Leading airlines have convened to discuss the reopening of transatlantic travel ahead of the G7 summit in Cornwall scheduled to hold later this week.
The companies calling for reopening include American Airlines, Virgin Atlantic, Delta Air Lines, United Airlines, JetBlue, and British Airways, all of which take the UK-US route, according to a statement seen by BizWatch Nigeria.
Reopening the transatlantic travel route would stimulate economic recovery, as the aviation industry remains one of the hardest-hit industries by the emergence of the COVID-19 pandemic.
Airline representatives at the meeting were the Chief Executive Officer (CEO) of American Airlines, Dough Parker; the CEO and Chairman of British Airways, Sean Doyle; CEO of Delta Airlines, Ed Bastian, CEO of JetBlue, Robin Hayes; and the CEO of Heathrow, John Holland-Kaye.
Others were the CEO of United Airlines, Scott Kirby; the President and CEO of U.S. Travel Association, Roger Dow; and the CEO of Virgin Atlantic, Shai Weiss.
The event was hosted by the Chief Executive of BritishAmerican Business, Duncan Edwards.
Discussing the benefits of partnerships between the US and the UK, participants noted that travel restrictions placed on travellers from both countries were hurting the business.
On the part of the UK, the advantages of putting the US on its ‘green list’ was discussed, which means that travlleres from the US would not be required to self-isolate upon arrival in the UK.
And the US mulled the possibility of lifting the UK travel ban also known as the 212(f) order, to make it easy for travellers from the UK to freely enter the US.
Benefits Of Reopening Transatlantic Route
The United Kingdom loses 23 million pounds with each passing day that the transatlantic route remains shut.
Speaking at the meeting, British Airways CEO, Sean Doyle, said, “As President Joe Biden and Prime Minister Boris Johnson meet this week, they must address the transatlantic ban that is separating our two low-risk countries at a major cost to our citizens and economies.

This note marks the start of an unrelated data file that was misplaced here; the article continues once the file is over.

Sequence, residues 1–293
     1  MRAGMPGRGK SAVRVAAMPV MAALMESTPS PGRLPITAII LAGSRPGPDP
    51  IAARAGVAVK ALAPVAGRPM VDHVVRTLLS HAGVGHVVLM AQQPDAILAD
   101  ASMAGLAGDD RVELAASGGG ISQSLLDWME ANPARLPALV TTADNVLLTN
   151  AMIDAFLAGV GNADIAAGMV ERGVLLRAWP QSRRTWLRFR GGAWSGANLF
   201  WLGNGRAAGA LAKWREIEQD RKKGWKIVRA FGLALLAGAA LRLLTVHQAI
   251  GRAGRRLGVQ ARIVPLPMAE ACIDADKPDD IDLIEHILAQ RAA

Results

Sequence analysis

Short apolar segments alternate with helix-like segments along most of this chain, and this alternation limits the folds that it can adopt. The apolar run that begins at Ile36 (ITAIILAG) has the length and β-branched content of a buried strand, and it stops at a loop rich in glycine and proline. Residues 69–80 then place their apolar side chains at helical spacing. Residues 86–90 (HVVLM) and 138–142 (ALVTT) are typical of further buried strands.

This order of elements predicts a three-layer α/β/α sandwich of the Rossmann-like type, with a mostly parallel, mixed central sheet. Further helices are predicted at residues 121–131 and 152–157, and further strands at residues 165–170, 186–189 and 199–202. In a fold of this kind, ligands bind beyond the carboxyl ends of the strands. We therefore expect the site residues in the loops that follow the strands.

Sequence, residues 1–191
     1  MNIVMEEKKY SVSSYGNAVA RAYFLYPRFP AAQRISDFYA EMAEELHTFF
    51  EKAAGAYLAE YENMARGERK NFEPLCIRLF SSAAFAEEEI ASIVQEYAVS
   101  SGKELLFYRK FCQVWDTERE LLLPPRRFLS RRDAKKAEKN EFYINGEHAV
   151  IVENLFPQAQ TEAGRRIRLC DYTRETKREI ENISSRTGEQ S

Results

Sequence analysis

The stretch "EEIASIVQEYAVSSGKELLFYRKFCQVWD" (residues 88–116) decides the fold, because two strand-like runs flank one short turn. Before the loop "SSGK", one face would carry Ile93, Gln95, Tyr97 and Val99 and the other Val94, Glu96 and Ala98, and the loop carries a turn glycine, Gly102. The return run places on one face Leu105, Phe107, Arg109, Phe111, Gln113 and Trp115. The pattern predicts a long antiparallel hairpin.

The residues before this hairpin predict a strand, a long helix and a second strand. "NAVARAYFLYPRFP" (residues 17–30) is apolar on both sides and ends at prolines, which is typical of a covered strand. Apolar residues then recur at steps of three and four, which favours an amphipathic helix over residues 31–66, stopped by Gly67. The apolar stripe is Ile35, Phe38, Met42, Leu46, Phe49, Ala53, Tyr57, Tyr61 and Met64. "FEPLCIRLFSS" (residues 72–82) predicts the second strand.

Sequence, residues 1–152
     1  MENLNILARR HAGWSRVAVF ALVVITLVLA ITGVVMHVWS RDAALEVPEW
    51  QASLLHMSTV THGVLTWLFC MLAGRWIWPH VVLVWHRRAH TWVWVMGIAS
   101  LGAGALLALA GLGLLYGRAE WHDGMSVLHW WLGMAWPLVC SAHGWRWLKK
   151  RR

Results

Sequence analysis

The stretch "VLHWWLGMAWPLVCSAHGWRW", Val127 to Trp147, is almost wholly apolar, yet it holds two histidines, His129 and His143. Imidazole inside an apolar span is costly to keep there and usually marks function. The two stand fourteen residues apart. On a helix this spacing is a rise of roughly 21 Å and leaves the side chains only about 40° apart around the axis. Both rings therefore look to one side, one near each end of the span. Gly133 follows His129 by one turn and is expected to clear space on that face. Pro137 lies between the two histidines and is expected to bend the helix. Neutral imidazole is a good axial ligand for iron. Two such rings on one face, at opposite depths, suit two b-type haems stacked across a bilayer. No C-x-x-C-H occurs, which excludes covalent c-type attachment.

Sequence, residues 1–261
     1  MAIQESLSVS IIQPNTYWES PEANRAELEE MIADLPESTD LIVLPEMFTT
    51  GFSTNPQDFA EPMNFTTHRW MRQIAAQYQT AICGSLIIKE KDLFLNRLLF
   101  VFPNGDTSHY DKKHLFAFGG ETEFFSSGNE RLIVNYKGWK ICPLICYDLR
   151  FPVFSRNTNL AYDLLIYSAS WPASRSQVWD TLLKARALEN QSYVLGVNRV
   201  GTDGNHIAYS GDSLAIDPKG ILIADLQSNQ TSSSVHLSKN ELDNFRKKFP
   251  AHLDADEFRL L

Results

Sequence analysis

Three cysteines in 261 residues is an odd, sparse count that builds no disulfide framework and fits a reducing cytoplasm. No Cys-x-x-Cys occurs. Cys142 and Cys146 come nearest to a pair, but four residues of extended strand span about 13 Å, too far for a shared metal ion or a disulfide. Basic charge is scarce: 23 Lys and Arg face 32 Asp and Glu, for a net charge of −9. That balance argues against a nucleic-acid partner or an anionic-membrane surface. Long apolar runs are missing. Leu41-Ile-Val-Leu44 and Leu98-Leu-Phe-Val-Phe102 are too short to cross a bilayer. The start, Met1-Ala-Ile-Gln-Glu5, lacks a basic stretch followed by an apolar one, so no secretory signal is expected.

“We urgently need them to look to the science and base their judgements on a proper risk analysis, allowing us all to benefit from the protection offered by our successful vaccine rollouts. In the UK this means making the traffic light system fit for purpose, including a pathway to restriction-free travel for vaccinated travellers, and getting rid of complexity surrounding ‘amber list’ countries, eliminating quarantine and reducing the number of tests passengers are required to take.”
While Shai Weiss of Virgin Atlantic said, “There is no reason for the US to be absent from the UK ‘Green’ list. This overly cautious approach fails to reap the benefits of the successful vaccination programmes in both the UK and the US.
“While transatlantic links with the US are restricted, it’s costing UK economy £23 million each day. We urge Prime Minister Johnson and President Biden to lead the way in opening the skies, making it a top priority at the G7 Summit.
“Customers, families and businesses need to book and travel with confidence. After 15 months of restrictions, the time to act is now.”
On the safe reopening of the route, Heathrow CEO John Holland said, “Connectivity between the UK and the US is one of the great engines of the global economy. The scientific data shows transatlantic travel and trade can be reopened safely and every day that policymakers delay puts jobs, livelihoods, and the economic chances of hardworking folks across our countries at risk unnecessarily.
“We cannot continue to keep locked-up indefinitely. Politicians should seize on the successful vaccination programmes in our two countries to begin looking to a future where we manage COVID rather than letting it manage us.”